Shawn Vestal: Outdated computers say a lot about Spokane County justice system
The elegant, historic Spokane County Courthouse was built almost 120 years ago.
The inelegant, historic computer system can’t be much newer.
In an age of touchscreens and voice commands, the Superior Court’s public computer system relies upon awkward command codes and hot keys. In an era when the latest gee-whiz gadget operates smoothly, it relies upon Pong-era technology: ALL-CAPS on a black screen and confusing navigation. Using it, you run into more roadblocks than the Dukes of Hazzard. It is a rusty old plow in the age of the tractor.
What’s more, it tells us something about the way we do justice here in Spokane County.
“It is representative of the system,” retired Judge James Murphy said.
Murphy and his fellow members of the Spokane Regional Criminal Justice Commission have released a detailed report suggesting a broad range of reforms. The report emphasizes the need for alternatives to a broken, expensive tradition of sticking nonviolent offenders in jail for everything – on creating “offender-based” approaches that aim to reduce repeat offenses, streamline the system and help minor offenders get off the track to becoming major ones. Instead of building a new jail, it recommends a lot of ways to keep more nonviolent criminals out of the current one.
A common thread in the report is the need for more cooperation among the different parties in the system. Another is a shift toward “evidence-based” models, in which programs are measured and evaluated.
Either way, computers by Hasbro won’t be the tools for getting there. How political leaders approach the technological hurdles will tell us something about the prospects for the whole report: The need is obvious, the cost is high and it will take a lot of effort and political will to do more than just piece-meal it.
The city of Spokane and Spokane County have separate information technology systems. “The systems,” the report says, “do not ‘sync.’ That is, none of the data from either department is integrated with the data from the other.”
The city has a “highly successful” Web-based system that manages data, the report says, while the county has designed and maintains several separate applications that manage case files for the Sheriff’s Office, District and Superior courts, and detention services. All told, more than a dozen separate systems are operating to manage cases, ranging from pretrial services to coordinating jail visits.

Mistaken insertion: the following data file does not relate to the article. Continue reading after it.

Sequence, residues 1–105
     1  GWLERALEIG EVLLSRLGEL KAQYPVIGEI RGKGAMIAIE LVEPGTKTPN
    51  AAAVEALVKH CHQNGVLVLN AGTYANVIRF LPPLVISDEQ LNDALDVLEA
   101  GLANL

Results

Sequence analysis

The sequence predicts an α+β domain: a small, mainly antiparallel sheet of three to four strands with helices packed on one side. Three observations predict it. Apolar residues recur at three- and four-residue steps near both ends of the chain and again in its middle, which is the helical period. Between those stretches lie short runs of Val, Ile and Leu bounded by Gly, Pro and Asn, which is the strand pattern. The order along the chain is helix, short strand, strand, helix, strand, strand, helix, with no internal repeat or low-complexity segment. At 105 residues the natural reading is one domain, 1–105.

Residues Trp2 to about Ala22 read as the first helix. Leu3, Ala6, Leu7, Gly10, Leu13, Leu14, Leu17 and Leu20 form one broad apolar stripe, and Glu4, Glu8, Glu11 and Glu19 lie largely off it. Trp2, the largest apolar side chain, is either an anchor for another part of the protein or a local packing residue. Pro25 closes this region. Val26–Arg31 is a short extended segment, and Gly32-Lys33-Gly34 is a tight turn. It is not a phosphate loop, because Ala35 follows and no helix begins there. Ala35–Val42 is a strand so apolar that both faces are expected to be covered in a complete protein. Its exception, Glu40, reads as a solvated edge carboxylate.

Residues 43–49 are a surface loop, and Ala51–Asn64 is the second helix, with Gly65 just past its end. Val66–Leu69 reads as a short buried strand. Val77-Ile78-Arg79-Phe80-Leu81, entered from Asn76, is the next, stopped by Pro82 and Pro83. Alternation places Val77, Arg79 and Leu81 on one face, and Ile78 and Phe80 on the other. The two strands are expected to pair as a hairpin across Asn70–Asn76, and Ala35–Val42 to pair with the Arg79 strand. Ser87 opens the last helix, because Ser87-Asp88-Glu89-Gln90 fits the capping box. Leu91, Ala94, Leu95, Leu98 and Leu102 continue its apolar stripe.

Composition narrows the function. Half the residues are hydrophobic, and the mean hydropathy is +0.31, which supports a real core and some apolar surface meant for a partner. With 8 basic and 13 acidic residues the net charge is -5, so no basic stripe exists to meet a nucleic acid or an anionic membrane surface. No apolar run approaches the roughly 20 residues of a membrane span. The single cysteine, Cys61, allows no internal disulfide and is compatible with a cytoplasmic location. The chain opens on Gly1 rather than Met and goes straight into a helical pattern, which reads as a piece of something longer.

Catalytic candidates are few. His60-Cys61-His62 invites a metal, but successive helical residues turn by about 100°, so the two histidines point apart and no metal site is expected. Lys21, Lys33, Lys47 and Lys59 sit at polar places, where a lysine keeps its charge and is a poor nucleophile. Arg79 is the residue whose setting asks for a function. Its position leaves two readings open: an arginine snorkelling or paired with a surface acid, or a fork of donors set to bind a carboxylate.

In other words, a single busy defendant can leave paper all over town – from the city police department to the county jail to the prosecutor’s office to the public defender’s office, from Spokane Municipal Court to Spokane County Superior Court – and never create a single coherent trail.
Another consequence of the information briar patch: Efforts to resolve cases quickly get hung up. A promising program known as Early Case Resolution – an effort to quickly settle simpler, lower-level cases – depends on defense attorneys having quick access to police reports, which doesn’t always happen now, said former U.S. Attorney Jim McDevitt, another commission member.
That’s just one example of the reason the report recommends developing a single system that everyone would share.
“Some integration of the systems has occurred, primarily between the courts and detention services, but many stakeholders expressed the need for a single source of all information for each offender, regardless of the origin of the data,” the report says.
Doing so will be costly and difficult, at least initially, though the range of reforms hold out the promise of savings. Will it be too costly and difficult? That’s an open question. Those creaky old computers at the county courthouse illustrate this clearly.
Certainly it is not news to people at the county that the computer system is Paleozoic. That old system is there because it would have taken money and will to change it. And that’s a patch on the money and will it would take to create a single unified information system for all criminal justice agencies in Spokane County.
The report does not estimate a cost for this, but it suggests a way to cover some of the costs associated with reforms: bumping the sales tax up by a tenth of a penny or two to raise millions for reform.
Money and will. That’s the doorstep where the commission report leaves us.
Based on a year of work, 37 public hearings, 300 witnesses testifying – all overseen by Murphy, McDevitt and longtime local attorney Phillip Wetzel – the report offers a thoroughgoing, impressive array of ways to smarten up the system of justice in Spokane County.
“Now it’s up to the decision-makers and the people with the purse strings,” McDevitt said.